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Burlington Council OKs Purchase of 100 Security Cameras


Published September 12, 2022 at 10:56 p.m.

A security camera - LEUNG CHO PAN | DREAMSTIME
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  • A security camera
The Burlington City Council on Monday approved spending nearly half a million dollars to purchase 100 new security cameras.

But according to the city's chief innovation officer, Scot Barker, most of those cameras won't be used right away. About a dozen cameras would replace broken ones, and another 15 to 20 would be installed in key areas around the city including Leddy Park, Fletcher Free Library and at the intersection of Church and Main streets. The remainder would be kept in reserve "to ensure the City is prepared for break/fix situations," Barker said in a memo.

The $425,000 will also pay for an upgrade of the outdated software program that runs the city's existing 200 cameras, which can be found inside city hall or in outdoor public places such as City Hall Park. The motion passed 10-4 with councilors Perri Freeman (P-Central District), Zoraya Hightower (P-Ward 1), Ali House (P-Ward 8) and Joe Magee (P-Ward 3) voting no.

The topic sparked discussion on how security cameras fit into the city's overall plan for public safety, an issue that's been top of mind as a wave of gun-related violence has swept Burlington. Mayor Miro Weinberger reminded councilors that just last week, police arrested two suspects accused of murdering a man in City Hall Park by using camera footage.
"It's very clear that the security cameras played a critical role in being able to reconstruct events that led up to that homicide," the mayor said.

Councilor Joan Shannon (D-South District) also spoke of the cameras' usefulness in solving crime. She disagreed with the notion that surveillance cameras present privacy concerns since most people carry cell phones with cameras and can post footage online.

"I think Big Brother is out there, and Big Brother is all of us," she said.

But, Councilor Magee countered, unlike footage from city-owned cameras, videos shot on personal cell phones aren't directly fed to the police department. Police dispatchers retain footage for 90 days, Barker said, and only review it during police investigations.

Councilor Hightower asked for more clarity on how the city uses the footage and encouraged the administration to share that information publicly.

"Right now, if a constituent came to me and asked, 'Oh, my property was stolen. Can we use those cameras to retrieve it?' I don't even know the answer to that," she said.

Later in the meeting, councilors advanced a measure to expand ranked-choice voting to mayoral elections.

The bipartisan resolution, which passed on a 10-2 vote, sends the proposal to the council's Charter Change Committee for review. The full council would then vote in October.
Ranked-choice voting lets voters rank candidates in order of preference. If a candidate gets more than 50 percent of the vote, that person wins; otherwise, the election goes to an instant runoff. The last-place finisher is eliminated, and votes that were cast for that candidate are assigned to those voters' second choices. The process continues until one candidate hits the 50 percent-plus-one threshold.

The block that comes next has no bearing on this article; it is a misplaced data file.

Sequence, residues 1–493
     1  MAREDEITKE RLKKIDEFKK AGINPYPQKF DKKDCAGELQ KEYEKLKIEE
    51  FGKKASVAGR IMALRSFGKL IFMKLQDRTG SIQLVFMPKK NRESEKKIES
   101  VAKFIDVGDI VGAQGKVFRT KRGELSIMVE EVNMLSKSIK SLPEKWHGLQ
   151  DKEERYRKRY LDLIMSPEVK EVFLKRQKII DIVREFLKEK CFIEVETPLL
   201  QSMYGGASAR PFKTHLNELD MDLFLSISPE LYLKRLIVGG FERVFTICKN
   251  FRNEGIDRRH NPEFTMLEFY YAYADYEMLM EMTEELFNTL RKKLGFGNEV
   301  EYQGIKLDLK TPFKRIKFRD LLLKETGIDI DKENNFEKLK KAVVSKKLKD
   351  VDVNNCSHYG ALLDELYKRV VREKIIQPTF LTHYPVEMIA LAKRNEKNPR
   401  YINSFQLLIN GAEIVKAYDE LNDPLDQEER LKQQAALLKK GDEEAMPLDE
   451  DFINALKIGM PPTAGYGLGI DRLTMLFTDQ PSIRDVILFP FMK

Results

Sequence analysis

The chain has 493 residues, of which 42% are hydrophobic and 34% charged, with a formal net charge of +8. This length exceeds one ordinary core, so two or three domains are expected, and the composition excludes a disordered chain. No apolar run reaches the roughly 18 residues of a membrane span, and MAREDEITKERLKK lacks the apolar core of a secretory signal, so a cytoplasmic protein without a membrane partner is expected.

"What we really want to look for is a voting system that serves democracy, that engages the public and that produces a result that is reflective of the voters' will," said Councilor Shannon, who cosponsored the resolution with four council Progs. "I know that many people I respect disagree with me, but I will continue to support ranked-choice voting."

It's been a rocky road for ranked-choice voting in Burlington. The city abandoned the method after a controversial mayoral race more than a decade ago, but councilors revived the discussion in the summer of 2020, passing a resolution to use the system in city council, school board and mayoral contests.

That effort was stymied when Mayor Miro Weinberger issued his first-ever veto to block it, citing concerns that the topic would distract from the city's pandemic recovery.

Councilors later proposed using the method only in council elections. That resolution made it onto the March 2021 ballot and earned wide approval from voters. Like all charter changes, the item was sent to Montpelier for review. Legislators passed it, and Gov. Phil Scott let it become law in May without his signature.

Council elections will first use ranked-choice voting on Town Meeting Day in March 2023. Councilor Jack Hanson (P-East District) hopes the mayoral proposal will be on the same ballot.
Also Monday, councilors agreed to form a working group to review the city's options for redistricting.

Councilors Hightower, Magee, Mark Barlow (I-North District) and Ben Traverse (D-Ward 5) will meet sometime later this month to discuss the map proposals. The council originally aimed to put a new map design on the November ballot but has since extended that timeline to March 2023.

The city embarked on the reapportionment process after recent U.S. Census data showed uneven population shifts in each of Burlington's eight wards. Since 2015, the city has had eight numbered wards and four districts, each composed of two wards. Residents have two elected officials: a ward councilor and a district councilor.

The council has so far considered maps with seven, eight and 12 wards. The latest proposal would have five two-member districts and two single-member districts.